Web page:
TRIPS, Patent Rights and Right to Health: 'Price' or 'Prize' for Better Access to Medicine?
51 Pages Posted: 15 Jun 2010
Date Written: January 31, 2009
The interface between ‘patent rights’ and ‘right to health’ has been one of the most hotly debated issues in the international arena in the past years. By recognizing ‘flexibilities’ to the enforcement of patent rights, the TRIPS agreement aims at reconciling the interests of the patent owners with those of the consumers. However TRIPS has been criticized as not being flexible enough for developing countries facing acute health issues. Although the developments in the framework of Doha could be considered a ‘victory’ for developing countries towards improved access to medicine, extrinsic factors to TRIPS, such as the so called “TRIPS-Plus” agreements and the United States political involvement through the “Special 301”, constitute strong barriers to access to medicine in developing countries.
Finding a fair balance between patent rights and rights to health in these conditions is not an easy task. In an attempt to reconcile patent rights and right to health different solutions have been considered. The ‘price’ and ‘prize’ ideas are amongst them. The differential pricing scheme is framed on the idea of a differential pricing of patented medicine between developed and developing countries. As to the ‘prize’ solution, it involves a change in the current patent system rationale. Instead of 20 years monopoly, inventors would be rewarded in a form of ‘monetary prize’ depending on the impact of the invention on the improvement of public health.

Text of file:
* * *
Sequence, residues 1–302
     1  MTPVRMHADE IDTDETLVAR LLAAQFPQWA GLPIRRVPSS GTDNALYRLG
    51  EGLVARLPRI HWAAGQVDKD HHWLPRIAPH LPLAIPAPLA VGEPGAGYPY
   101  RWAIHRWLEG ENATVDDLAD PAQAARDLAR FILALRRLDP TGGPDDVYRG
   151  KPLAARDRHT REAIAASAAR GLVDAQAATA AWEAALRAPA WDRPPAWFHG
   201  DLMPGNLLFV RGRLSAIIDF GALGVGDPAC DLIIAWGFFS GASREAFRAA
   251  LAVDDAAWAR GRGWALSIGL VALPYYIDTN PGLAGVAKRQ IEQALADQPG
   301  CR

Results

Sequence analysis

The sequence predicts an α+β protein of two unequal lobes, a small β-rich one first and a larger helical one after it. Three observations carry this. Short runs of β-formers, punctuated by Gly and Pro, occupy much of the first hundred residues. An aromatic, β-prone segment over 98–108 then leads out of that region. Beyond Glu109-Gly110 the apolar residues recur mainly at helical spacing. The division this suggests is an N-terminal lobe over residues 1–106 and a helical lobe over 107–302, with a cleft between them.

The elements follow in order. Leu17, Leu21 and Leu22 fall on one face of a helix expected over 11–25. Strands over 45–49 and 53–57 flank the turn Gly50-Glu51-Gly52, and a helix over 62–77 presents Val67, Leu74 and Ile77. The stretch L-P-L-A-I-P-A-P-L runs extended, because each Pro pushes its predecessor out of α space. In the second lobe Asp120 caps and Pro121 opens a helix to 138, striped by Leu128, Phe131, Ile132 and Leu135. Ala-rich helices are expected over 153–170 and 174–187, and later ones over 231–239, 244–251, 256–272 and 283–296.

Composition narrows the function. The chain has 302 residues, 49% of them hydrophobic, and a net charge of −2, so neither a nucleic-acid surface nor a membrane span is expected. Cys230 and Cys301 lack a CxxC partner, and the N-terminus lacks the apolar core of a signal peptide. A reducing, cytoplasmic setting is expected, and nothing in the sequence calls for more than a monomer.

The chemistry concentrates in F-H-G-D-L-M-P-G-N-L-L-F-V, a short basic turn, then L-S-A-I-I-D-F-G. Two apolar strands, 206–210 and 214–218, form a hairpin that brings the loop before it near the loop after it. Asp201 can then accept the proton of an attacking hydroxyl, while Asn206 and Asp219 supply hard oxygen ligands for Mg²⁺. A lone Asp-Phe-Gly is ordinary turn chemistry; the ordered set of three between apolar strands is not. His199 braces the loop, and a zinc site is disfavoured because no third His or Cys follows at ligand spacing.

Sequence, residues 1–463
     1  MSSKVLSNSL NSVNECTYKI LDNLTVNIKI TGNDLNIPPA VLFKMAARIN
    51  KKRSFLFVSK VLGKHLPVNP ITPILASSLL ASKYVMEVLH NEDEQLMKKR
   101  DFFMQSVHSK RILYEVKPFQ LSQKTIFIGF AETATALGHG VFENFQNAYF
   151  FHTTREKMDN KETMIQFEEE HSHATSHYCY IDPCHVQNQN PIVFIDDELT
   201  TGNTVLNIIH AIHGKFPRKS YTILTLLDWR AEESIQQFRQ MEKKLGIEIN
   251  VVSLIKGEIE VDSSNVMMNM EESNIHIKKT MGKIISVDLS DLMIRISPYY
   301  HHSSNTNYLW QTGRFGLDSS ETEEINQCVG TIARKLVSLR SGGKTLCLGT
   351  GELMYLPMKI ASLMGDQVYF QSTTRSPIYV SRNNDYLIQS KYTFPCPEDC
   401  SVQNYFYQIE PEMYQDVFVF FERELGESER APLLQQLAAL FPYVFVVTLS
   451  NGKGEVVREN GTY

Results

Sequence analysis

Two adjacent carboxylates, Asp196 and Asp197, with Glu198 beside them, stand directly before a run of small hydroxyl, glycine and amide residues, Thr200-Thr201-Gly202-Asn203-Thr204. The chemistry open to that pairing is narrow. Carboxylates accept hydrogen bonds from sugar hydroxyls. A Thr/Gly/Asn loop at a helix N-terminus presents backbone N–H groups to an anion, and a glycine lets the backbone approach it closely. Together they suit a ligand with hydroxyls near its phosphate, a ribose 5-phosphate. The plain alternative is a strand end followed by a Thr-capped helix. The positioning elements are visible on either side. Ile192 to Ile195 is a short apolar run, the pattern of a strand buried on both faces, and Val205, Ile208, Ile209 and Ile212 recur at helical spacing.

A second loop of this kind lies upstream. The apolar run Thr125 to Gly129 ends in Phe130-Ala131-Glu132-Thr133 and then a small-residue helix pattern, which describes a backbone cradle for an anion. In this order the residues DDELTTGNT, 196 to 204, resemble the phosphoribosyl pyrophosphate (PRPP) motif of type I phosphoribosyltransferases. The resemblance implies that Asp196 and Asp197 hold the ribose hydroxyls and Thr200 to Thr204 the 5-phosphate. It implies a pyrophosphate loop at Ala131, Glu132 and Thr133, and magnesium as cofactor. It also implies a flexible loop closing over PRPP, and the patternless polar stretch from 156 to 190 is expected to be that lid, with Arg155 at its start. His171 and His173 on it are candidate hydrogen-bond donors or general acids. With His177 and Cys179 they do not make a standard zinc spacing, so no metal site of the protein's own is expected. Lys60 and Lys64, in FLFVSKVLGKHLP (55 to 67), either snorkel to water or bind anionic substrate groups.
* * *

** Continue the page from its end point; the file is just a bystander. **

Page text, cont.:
Even though the rationale and the purpose of these solutions are in line with the need of improving the health conditions in developing countries, they both embody intrinsic limits. The ‘price’ solution leaves unsolved the orphan diseases question. As to the ‘prize’ solution, many issues regarding its implementation still need to be addressed.
The ‘price’ and ‘prize’ solutions have not been always considered separately. For instance the Medial Innovation Prize Act of 2005, although based on the “prize” idea, left open the possibility of getting a patent. Leaving the door opened to the possibility of getting a patent would render the “prize” idea more appealing to the pharmaceutical industry.
This paper discuss the issues of access to medicine with regard to the developments in the international area first, and, second, defend the idea of a coexistence of the current patent system and the reward system in a form of ‘prize’. Neither the ‘price’ nor the ‘prize’ idea ends the patent system. They constitute alternatives aiming at remedying the drawbacks of strong patent protection. Depending on the type of diseases at hand the ‘price’ solution or the ‘prize’ may be more suitable. For instance, the Type I diseases, (diabetes, heart disease, asthma and most non-communicable diseases) according to the classification of the World Health Organization’s (WHO) Commission on Intellectual Property, Innovation and Public Health (“CIPIH”), which affect both developed and developing countries, the ‘price’ solution could be suitable. For types II and III diseases (e.g. Tuberculosis, AIDS, and Malaria) which primarily affect developing countries, a ‘prize’ system could give more R&D incentive to pharmaceutical companies.
Keywords: TRIPS, Patent rights, Right to Health, Differential pricing, Prize system, Access to medicine, Developing countries
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